BBC has never looked so old, or sounded so vital, in these past few days – Aidan Smith
Filling is difficult. A big story has broken – huge, history-changing stuff, but information beyond the obvious is scarce and the frantic ring-round of experts to be taxied into the studio has only just begun so the presenter must keep talking – continuously, staying on subject, saying the right things, and trying very hard not to keep saying the same things.
So last Thursday, still in the immediate aftershock and needing some words, Myrie suddenly said: “I’m 58. She’s always been my Queen. I’ve never known another.” Myrie wasn’t alone; he had Nick Witchell with him. “Neither have I,” echoed the BBC’s royal correspondent, “and I’m nearly 70.”
For the days which followed, the average age of the people glimpsed or heard on the Beeb shot up dramatically and it should stay this way until next Monday’s funeral and the reflections afterwards.
There have been biographers, historians and veteran presenters from momentous Royal dramas of the past. There have been toppled premiers, amusing anecdotes at the ready, retired members of the Royal hack pack and leading authorities on ye olde monarchical customs and quirks.
There have been former members of the Royal household, discretion their watchword, friends from a carefree youth, just a few years before the newly-crowned Elizabeth II had to start holding her own in weekly conversations with Winston Churchill – and my personal favourite, the Rev David Barr, minister of Glenmuick Parish Church, Ballater, who told how the Queen had confided in him that Balmoral was the one place in her kingdom where she could pop her crown on a peg.
“Ex-Marine, 6ft 3in, a boy from the East End of Glasgow,” was how Barr described himself to viewers. Yet he’d climbed to the top of his church, rang the bell once for each year of her reign and “cried my eyes out”.
Almost to a man this procession was made up of men. Silver-haired men telling stories celebrating an era and commemorating its end. The state broadcaster might never have looked or sounded so old – or been so enlightening, enrapturing and unmissable.
Actually, let’s not say old, rather: mature, experienced, lived in. But anyone unaware of the culture wars, the rows over wokeism and inclusivity and most critically the mania over youth – and who had turned on the the TV or the radio last Thursday to sample the BBC for the first time – would be astonished to learn about the accusation, levelled at the Corporation for some years now, that it is ageist.
The latest controversy had been rumbling just 24 hours before with irate viewers upping calls for the return of Sue Barker to Question of Sport as Beeb-bashing columnists reacted with glee to the revamping’s poor audience figures.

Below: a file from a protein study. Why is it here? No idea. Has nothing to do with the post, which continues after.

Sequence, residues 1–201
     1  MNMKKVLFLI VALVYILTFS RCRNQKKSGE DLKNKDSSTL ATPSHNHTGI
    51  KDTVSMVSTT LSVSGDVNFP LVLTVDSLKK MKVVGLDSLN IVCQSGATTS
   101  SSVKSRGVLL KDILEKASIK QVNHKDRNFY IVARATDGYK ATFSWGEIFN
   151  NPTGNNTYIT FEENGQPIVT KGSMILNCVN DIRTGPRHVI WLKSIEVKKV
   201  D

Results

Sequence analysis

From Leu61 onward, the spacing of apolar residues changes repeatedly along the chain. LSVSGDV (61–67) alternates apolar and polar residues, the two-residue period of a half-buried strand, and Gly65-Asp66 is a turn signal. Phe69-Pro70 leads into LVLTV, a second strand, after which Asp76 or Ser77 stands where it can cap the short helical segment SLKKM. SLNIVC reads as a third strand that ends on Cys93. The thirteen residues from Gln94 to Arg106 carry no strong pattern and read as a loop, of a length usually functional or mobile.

Barker, 66, had fronted the show for 24 years – a queenly rule for a TV presenter. The end was messy, with the host and team captains being urged to quickly sign a statement that they’d agreed to step aside and Barker putting it bluntly: “I was sacked.”
Craving a younger audience, the Beeb replaced her with the comedian Paddy McGuinness. He doesn’t have a sports background – or anything like Barker’s peak five million viewers. Just 850,000, which must put the world’s longest-running sports quiz under threat.
There has been similar upset among Radio 2 listeners over the departures of Steve Wright and Paul O’Grady. The latter, 67, had been with the station for 14 years while Steve Wright in the Afternoon will end this month after a 12-year stint on Radio 1 and almost double that on the sister station for the 68-year-old DJ.
This trio of sixtysomethings are just the latest to be moved on by the Corporation as it desperately seeks the youth vote. But there’s little evidence that any of the “refreshings”, as they’re termed, are succeeding.
Last month Ofcom reported that the 16-24 age group spend just 53 minutes watching traditional broadcast TV. They prefer to scroll TikTok and some even get their news from the social media site. By contrast, those over 65 spend seven times as long in front of channels like BBC1 and ITV, viewing almost six hours a day.
The TikTokers in our house watched more TV than they ever did previously during the pandemic. They were encouraged in this by my wife’s determined efforts to recreate every night a cosy family tableau round the goggle-box from the front cover of Radio Times, circa 1957, the availability of box-sets featuring smart, funny young people (Modern Family, Schitt’s Creek, The Durrells) – and the fear the world might end.
When it didn’t, they drifted away from the telly and back to their bedrooms and their phones – and didn’t return until last Thursday and those bulletins of mounting graveness from outside the gates of Balmoral.
They will probably drift away again and sooner or later the BBC will have to ask itself if there’s any real point in trying to get down with the kids when they’re simply not interested in old media.
It’s kind of ironic that the Beeb, seemingly so casual about continuity in some well-loved programmes, has stepped up when needed to nurse the nation through the biggest break with tradition for seven long decades.
My wife and I have never been asked as many questions as the sheer number which have popped from young mouths these past few days, while events, rituals and ceremonies not witnessed by the country for a generation have been acted out. Invariably unable to answer, we’ll say: “Hang on, someone from the BBC will tell us what’s happening in just a minute…”
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